11:00 AM-11:20 AM
Enrichment and Clustering of Rare Genetic Variants using Shared Protein Structure Domains
  • James Stephenson, EMBL-EBI, United Kingdom
  • Roman Laskowski, EMBL-EBI, United Kingdom
  • Matthew Hurles, Wellcome Sanger Institute, United Kingdom
  • Janet Thornton, EMBL-EBI, United Kingdom

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The spatial distribution of disease associated variants in proteins can suggest mechanisms of action and can help to differentiate benign from damaging candidates. However, in rare diseases the sparsity of variants per protein reduces the power of spatial distribution analysis. We overcome this by enriching rare variant data by aligning similar structural (CATH) domains from different proteins. We then analyse the domains together and uncover any shape spatial pattern using DBSCAN spatial clustering.
Firstly, comparing the locations of clusters with those of known disease-associated variants and those considered benign can help to assign a pathogenicity probability to variants of unknown significance. Secondly, the location of the cluster in the protein or complex can suggest potential mechanisms of action such as the interruption of ligand binding, catalysis or structure destabilization/misfolding. Thirdly by comparing members of the same spatial clusters with gene lists of known disease association we can uncover new disease gene candidates.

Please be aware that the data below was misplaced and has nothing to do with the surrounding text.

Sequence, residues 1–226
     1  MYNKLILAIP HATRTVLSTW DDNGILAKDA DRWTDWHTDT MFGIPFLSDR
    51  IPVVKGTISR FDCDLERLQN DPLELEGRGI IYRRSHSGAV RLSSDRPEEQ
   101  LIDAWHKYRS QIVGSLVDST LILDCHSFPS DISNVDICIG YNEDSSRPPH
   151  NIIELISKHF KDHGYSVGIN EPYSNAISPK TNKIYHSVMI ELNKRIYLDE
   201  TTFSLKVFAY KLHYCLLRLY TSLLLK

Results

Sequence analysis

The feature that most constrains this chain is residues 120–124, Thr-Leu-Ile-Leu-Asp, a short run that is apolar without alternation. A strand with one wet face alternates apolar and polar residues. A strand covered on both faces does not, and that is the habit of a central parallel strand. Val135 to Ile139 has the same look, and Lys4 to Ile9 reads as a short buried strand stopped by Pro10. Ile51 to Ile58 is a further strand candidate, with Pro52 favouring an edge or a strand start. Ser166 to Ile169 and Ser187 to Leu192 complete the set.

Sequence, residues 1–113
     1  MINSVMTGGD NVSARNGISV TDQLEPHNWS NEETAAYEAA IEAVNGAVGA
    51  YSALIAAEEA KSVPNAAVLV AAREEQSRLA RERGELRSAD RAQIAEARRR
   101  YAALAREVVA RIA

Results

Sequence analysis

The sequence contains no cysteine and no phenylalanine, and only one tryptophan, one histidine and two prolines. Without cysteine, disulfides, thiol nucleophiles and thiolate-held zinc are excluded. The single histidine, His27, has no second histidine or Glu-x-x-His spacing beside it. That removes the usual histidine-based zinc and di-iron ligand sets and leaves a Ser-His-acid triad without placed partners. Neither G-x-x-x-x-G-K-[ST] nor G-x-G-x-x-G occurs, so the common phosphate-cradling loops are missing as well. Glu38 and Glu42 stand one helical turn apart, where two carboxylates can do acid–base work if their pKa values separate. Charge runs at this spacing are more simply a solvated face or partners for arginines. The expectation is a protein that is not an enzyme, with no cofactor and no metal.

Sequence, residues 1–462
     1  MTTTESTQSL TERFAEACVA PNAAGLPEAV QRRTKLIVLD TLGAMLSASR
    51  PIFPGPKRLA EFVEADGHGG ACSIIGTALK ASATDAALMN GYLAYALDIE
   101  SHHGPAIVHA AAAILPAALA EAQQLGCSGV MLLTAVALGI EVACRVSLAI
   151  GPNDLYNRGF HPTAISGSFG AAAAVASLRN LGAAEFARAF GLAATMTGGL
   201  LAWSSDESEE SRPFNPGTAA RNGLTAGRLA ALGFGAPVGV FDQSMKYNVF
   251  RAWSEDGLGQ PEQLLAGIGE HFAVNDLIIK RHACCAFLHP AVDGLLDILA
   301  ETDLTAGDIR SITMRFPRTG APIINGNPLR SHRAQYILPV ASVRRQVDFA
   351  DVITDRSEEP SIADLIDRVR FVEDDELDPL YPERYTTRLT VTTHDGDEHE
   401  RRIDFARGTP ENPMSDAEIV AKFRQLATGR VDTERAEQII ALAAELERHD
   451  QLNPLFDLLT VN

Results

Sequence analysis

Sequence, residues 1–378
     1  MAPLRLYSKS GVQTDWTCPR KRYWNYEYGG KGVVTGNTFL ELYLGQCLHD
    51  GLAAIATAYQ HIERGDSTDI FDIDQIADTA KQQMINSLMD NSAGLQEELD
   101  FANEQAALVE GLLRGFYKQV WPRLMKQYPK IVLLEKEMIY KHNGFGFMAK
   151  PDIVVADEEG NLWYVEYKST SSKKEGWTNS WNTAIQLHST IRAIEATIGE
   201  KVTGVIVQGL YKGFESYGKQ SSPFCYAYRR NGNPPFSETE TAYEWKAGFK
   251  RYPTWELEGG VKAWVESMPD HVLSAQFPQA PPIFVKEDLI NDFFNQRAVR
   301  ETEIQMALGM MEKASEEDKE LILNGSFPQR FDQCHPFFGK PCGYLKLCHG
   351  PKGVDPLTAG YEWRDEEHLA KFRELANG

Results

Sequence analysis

Enrichment and spatial clustering of rare variants on protein structures can allow important regions of proteins to be uncovered, new disease associated genes to be found and can help to characterise variants of unknown significance.

11:40 AM-12:00 PM
Annotation and prioritization of non-coding variants in the context of human diseases